Sili-Kal- B 8-0-4 +Ca10% +Si +B
Sili-Kal-B is a high calcium product combined with silicon and nitrogen
providing for cell strength, disease resistance, and turf rigidity
Total Nitrogen (N).................................. 8.0%
Derived From: Calcium Nitrate, Urea, Potassium Nitrate, Boric Acid, and Silicon
1 U.S. Gallon Net Weight 12.0 lbs. 3.78 Liters Net Weight 5.54 Kg
Specific Gravity 1.49 pH: 1.2
Foliar Application Rates
Add Grigg Brothers Ultraplex to any Grigg Brothers foliar application at the rate of 3 fl.oz per 1,000 FT2
Ultraplex contains micronutrients, biostimulants, and INTAKE, a non-ionic organic surfactant to decrease drop size and enhance wetting of entire plant surface area.
IMPORTANT: For best results apply as a foliar spray early in the morning or late evening. Allow to dry on plant 6 hours before irrigation. Apply with 1-2 gallons of water per 1,000 FT2
SILI-KAL-B is compatible with Grigg Brothers phosphates. When mixing with other brands of phosphates, use Grigg Brothers Calcium chelate 5%. With severe deficiency use the highest rate of application.
Apply 3-6 oz. per 1,000 FT2. Rate can be doubled for warm season turf grass. Repeat as needed.
COMPATIBILITY: Jar test for compatibility when mixing with other chemicals.
Calcium In Turfgrass Management
Facts known about Calcium that should be of importance to those who manage fine quality turfgrass for a living include:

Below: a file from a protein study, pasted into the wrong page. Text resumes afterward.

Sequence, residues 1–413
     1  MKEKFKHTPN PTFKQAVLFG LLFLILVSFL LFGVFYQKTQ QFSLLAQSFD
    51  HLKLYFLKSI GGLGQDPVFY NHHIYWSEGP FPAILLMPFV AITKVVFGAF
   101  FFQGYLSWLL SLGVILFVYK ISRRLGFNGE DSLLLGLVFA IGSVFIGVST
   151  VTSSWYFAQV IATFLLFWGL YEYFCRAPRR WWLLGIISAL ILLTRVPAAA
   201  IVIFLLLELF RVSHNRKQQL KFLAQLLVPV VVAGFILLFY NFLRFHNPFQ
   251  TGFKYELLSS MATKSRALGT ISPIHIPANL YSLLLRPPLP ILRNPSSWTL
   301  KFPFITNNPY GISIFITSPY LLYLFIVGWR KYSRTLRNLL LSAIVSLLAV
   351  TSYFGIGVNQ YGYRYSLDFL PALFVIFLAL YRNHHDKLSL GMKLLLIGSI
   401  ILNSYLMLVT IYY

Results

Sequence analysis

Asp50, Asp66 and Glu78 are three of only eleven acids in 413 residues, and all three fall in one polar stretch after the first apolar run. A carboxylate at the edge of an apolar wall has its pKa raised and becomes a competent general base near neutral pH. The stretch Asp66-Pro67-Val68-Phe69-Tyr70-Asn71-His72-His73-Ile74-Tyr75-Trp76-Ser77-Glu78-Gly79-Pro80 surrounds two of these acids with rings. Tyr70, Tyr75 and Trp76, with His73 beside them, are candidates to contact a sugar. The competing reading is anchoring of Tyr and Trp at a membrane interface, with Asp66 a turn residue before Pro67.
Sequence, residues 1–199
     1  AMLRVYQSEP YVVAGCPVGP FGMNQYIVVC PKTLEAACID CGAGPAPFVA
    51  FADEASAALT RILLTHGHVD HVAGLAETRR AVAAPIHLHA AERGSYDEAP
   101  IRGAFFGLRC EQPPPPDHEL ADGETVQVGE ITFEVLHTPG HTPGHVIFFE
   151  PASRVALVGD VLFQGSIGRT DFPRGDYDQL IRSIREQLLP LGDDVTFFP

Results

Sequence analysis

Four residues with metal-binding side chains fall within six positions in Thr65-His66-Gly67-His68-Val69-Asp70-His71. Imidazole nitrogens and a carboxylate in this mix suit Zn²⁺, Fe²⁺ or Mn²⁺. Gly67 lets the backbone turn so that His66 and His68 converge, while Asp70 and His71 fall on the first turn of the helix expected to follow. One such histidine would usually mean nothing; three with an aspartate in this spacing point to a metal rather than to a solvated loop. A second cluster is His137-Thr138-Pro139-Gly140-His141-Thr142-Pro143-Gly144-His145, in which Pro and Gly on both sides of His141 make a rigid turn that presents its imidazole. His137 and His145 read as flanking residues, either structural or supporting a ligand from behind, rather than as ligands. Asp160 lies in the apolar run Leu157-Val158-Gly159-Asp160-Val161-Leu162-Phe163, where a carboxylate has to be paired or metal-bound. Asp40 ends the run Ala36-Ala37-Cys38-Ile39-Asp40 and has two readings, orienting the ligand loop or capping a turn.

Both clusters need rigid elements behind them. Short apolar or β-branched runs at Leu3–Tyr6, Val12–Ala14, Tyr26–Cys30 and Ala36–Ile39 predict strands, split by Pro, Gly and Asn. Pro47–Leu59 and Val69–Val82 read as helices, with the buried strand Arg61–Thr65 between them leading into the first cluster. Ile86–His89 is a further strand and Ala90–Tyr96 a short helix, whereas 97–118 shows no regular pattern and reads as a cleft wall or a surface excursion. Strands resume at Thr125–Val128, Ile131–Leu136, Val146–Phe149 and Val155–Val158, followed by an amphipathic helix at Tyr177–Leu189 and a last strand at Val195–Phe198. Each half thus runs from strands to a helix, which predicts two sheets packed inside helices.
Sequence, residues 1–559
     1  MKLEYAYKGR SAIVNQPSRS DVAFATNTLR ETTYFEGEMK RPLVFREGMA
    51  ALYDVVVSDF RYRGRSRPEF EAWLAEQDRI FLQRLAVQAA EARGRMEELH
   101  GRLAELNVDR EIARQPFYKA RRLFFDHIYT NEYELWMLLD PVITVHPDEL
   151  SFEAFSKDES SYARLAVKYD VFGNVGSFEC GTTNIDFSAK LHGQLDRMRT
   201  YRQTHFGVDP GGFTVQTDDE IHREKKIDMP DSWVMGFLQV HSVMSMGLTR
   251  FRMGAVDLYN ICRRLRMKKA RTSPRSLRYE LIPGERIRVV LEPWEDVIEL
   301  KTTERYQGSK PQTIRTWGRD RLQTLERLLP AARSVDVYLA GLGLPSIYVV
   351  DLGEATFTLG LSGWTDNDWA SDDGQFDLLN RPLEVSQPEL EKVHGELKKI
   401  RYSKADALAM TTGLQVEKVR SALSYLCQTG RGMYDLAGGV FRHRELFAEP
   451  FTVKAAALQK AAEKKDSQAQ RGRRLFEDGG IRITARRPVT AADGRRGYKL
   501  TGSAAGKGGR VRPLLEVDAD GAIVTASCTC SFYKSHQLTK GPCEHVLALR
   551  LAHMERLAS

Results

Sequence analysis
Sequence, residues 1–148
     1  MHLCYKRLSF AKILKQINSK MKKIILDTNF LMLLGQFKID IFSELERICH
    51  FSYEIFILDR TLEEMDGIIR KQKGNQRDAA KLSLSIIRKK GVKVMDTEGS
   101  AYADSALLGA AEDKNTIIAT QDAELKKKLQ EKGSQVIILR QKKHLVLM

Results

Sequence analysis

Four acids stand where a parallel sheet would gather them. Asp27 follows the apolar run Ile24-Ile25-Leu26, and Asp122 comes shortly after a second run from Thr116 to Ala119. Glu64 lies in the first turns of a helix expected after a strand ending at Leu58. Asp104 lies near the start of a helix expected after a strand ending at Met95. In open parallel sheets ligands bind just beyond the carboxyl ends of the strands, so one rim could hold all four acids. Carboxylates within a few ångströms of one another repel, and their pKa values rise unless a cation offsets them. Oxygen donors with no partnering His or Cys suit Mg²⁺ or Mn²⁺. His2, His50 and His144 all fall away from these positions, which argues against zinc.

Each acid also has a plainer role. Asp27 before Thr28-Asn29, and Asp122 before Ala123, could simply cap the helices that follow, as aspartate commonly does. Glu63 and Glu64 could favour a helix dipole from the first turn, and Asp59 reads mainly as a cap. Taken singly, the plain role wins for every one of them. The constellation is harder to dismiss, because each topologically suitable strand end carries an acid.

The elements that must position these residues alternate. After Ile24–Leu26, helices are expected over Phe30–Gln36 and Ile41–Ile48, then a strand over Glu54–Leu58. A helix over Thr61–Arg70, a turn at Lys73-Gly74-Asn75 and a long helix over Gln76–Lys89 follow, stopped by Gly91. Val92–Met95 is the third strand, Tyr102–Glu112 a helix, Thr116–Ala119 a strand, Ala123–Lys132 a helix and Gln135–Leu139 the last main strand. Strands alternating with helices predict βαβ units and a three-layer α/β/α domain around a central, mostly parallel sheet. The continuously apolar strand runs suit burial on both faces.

Calcium is one of the six macronutrients required by turfgrass. The others are: nitrogen, phosphorus, potassium, magnesium, and sulfur.
Tissue content of the leaves should contain from a minimum of 0.50% to 1.50% Ca in the dried tissue.
Mainly the new growth area of the root absorbs calcium from the rhizosphere Therefore it can be cyclic with higher rates absorbed during times of new root growth and little being absorbed under conditions of little root growth as in times of stress.
Calcium can be absorbed by the tissue and is effective when applied as a truly chelated phosphate stable foliar.
Calcium is abundant in many soils and normally dominates the cation exchange sites in those soils.
Liming soils poor in calcium is a typical way of increasing Ca concentrate in the soil.
Artificial rootzone mixes high in sand such as U.S.G.A. greens are often low in exchangeable Ca.
Just because the Ca levels look good on a soil test report does not mean the calcium can be actively taken up by the roots for several reasons. Poor new root growth, the passive way roots absorb Ca and tight adsorption of Ca by anion exchange sites in the soils, being the more important ones. Uptake of Ca by plant roots is a complicated process. The only true way to be sure of uptake in the plant is with regular tissue testing.
The highest distribution of calcium within the plant is in the cell walls.
Strong cell walls can help in resistance to many plant pathogens including pythium.
Plants with high levels of calcium have an increased tolerance to many stress conditions.
Turfgrass varieties and cultivars vary widely in their utilization of calcium.
Truly Chelated Calcium usually is more effective than non-chelated Calcium especially when applied by foliar.
Since most golf greens, especially those grown on sand based rootzones, are usually maintained under some degree of stress it is safe to assume that adequate levels of Ca in the plants will be beneficial in your program. At times of limited root growth the best way to keep adequate levels of Ca in the plant is with regular foliar applications of good quality chelated calcium products.
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